However, it’s Carlos Areces’ brave performance that makes The Last Circus work. Based on his actions, Javier should be one of the most off-putting protagonist ever seen, but Areces plays up the sadness of the character, a man ruined by past actions that were beyond his control, who breaks down because he only wants to help others and to be loved. I would have loved to have been a fly on the wall when de la Iglesia gave him direction for certain scenes. I’m sure “You want me to do WHAT?” was a common refrain.
Which brings me back to the central metaphor of the film. What exactly is The Last Circus trying to say? Maybe that the repercussions of war stretch far beyond the final shot, poisoning generations to come? Maybe that Franco’s rule of Spain left deep, internal scars in the nation that will never quite heal? Maybe that life is a circus and that all you’ve got to do amidst the violence and the pain is to be a clown and find a way to laugh?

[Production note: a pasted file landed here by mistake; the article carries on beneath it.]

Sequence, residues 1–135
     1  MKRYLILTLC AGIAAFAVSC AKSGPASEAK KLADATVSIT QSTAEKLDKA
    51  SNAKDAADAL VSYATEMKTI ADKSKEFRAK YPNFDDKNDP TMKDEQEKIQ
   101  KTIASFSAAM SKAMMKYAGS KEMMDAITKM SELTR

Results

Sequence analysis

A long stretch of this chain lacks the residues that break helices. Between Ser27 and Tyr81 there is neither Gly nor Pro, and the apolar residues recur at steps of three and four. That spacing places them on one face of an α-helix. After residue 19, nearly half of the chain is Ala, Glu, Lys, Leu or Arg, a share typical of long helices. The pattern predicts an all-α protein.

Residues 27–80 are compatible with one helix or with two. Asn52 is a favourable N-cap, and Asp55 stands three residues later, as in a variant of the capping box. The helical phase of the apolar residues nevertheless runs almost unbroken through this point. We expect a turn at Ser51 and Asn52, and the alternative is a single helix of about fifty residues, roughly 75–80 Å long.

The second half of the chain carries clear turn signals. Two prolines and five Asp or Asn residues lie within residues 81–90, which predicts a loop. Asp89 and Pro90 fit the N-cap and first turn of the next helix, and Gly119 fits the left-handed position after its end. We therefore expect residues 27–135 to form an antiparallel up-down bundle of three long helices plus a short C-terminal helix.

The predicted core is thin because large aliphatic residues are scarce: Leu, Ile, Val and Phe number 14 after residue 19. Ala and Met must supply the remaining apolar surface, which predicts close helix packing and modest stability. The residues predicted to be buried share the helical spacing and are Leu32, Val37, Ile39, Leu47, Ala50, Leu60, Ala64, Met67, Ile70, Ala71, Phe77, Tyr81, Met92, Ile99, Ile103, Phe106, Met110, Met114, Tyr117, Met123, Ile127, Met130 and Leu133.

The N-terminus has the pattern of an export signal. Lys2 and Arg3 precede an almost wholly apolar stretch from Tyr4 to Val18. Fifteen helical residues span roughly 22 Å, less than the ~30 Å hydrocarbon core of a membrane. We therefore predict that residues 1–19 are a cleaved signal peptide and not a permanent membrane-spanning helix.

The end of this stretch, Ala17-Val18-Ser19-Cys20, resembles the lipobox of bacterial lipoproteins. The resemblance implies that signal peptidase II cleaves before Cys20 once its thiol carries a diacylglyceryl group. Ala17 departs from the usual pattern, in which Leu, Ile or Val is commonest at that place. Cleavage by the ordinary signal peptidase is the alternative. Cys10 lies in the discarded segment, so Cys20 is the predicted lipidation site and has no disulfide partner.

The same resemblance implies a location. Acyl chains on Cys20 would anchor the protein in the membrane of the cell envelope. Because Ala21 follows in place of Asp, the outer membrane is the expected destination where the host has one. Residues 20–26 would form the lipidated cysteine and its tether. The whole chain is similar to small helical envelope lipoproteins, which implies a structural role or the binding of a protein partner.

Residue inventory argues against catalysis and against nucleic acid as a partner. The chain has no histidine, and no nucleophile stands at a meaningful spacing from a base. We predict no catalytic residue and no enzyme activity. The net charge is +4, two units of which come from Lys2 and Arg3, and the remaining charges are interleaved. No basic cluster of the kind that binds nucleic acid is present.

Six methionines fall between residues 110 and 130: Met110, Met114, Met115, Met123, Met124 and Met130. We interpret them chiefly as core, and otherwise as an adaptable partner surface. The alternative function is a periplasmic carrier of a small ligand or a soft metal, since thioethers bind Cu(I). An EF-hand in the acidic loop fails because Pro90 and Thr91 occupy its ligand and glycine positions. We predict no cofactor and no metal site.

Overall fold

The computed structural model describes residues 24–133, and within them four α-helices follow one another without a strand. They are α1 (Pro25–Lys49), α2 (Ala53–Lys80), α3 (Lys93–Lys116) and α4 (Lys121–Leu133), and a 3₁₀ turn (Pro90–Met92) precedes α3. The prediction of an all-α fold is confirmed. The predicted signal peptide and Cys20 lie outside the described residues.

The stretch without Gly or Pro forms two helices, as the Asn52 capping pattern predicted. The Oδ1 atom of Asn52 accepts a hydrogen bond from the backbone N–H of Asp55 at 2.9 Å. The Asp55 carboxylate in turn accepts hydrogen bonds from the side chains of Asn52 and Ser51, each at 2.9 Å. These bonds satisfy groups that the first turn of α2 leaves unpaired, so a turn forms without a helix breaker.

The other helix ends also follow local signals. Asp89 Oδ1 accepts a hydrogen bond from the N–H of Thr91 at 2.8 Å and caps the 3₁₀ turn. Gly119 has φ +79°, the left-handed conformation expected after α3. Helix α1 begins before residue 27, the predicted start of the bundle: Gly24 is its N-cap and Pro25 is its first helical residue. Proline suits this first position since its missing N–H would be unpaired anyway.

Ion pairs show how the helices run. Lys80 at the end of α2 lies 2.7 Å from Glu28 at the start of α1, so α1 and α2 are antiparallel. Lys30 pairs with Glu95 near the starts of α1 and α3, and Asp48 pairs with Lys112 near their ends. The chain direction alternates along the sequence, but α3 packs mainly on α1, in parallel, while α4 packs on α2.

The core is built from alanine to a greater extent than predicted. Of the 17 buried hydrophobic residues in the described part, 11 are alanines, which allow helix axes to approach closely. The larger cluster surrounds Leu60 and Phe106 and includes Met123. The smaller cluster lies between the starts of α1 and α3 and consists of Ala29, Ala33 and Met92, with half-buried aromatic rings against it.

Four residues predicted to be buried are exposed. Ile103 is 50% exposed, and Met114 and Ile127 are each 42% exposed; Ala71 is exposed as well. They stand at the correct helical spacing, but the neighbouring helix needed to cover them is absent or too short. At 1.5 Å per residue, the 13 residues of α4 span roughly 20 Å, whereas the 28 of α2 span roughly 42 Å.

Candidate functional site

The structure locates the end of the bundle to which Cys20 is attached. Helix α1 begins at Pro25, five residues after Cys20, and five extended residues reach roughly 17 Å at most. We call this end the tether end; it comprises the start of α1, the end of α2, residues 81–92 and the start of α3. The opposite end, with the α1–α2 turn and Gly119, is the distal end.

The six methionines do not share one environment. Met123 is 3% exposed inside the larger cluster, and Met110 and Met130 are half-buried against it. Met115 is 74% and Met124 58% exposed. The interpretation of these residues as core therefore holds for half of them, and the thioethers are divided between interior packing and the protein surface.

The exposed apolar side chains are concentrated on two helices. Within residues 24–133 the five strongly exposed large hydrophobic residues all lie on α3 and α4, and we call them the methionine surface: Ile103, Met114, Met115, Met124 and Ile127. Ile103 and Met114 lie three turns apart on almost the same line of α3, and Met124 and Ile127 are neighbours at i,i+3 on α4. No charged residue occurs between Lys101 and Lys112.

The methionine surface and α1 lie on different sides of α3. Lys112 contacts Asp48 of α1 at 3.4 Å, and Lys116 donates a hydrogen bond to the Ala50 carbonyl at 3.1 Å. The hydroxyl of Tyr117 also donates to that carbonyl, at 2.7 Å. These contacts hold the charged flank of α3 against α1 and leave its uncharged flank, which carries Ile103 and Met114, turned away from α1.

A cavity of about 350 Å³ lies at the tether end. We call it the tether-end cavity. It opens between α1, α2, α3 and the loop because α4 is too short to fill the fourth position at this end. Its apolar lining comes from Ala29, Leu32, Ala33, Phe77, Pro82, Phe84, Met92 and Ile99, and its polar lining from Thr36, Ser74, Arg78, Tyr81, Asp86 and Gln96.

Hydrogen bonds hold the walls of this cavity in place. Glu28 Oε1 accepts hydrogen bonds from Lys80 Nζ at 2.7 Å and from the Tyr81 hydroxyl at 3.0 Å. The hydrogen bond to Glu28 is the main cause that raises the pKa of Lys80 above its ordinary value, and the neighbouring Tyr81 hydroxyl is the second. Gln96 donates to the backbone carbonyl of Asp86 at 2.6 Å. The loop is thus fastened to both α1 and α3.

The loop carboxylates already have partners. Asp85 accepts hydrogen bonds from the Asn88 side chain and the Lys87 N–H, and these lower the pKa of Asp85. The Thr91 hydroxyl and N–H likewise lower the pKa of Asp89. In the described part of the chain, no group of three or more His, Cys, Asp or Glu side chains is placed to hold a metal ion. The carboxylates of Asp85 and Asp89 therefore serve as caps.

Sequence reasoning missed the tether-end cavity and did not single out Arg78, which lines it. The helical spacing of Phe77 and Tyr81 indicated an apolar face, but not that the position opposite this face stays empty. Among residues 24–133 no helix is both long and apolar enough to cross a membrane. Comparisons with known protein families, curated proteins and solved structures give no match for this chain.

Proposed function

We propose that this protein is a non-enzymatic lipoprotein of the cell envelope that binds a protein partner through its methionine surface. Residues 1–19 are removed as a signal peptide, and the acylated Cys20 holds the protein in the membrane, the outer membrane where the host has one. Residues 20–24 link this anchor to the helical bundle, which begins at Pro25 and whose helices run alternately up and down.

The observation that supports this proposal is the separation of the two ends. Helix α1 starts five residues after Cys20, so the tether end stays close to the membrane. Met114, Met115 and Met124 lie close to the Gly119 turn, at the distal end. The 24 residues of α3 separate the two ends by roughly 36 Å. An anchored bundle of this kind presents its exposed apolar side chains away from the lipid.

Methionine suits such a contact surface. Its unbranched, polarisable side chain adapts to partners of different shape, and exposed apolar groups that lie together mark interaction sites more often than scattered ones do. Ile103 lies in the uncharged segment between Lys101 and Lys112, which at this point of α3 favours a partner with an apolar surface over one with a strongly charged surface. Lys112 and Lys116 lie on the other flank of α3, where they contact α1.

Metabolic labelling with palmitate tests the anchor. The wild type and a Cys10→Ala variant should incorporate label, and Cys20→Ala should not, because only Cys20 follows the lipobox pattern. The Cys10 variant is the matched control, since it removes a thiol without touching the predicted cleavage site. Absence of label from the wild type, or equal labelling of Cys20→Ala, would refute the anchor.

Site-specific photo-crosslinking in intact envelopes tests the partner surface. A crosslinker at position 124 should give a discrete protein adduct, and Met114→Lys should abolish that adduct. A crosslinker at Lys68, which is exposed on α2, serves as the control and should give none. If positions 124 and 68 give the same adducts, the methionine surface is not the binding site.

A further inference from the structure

Or maybe it’s just as simple as Alex de la Iglesia really, really hating clowns.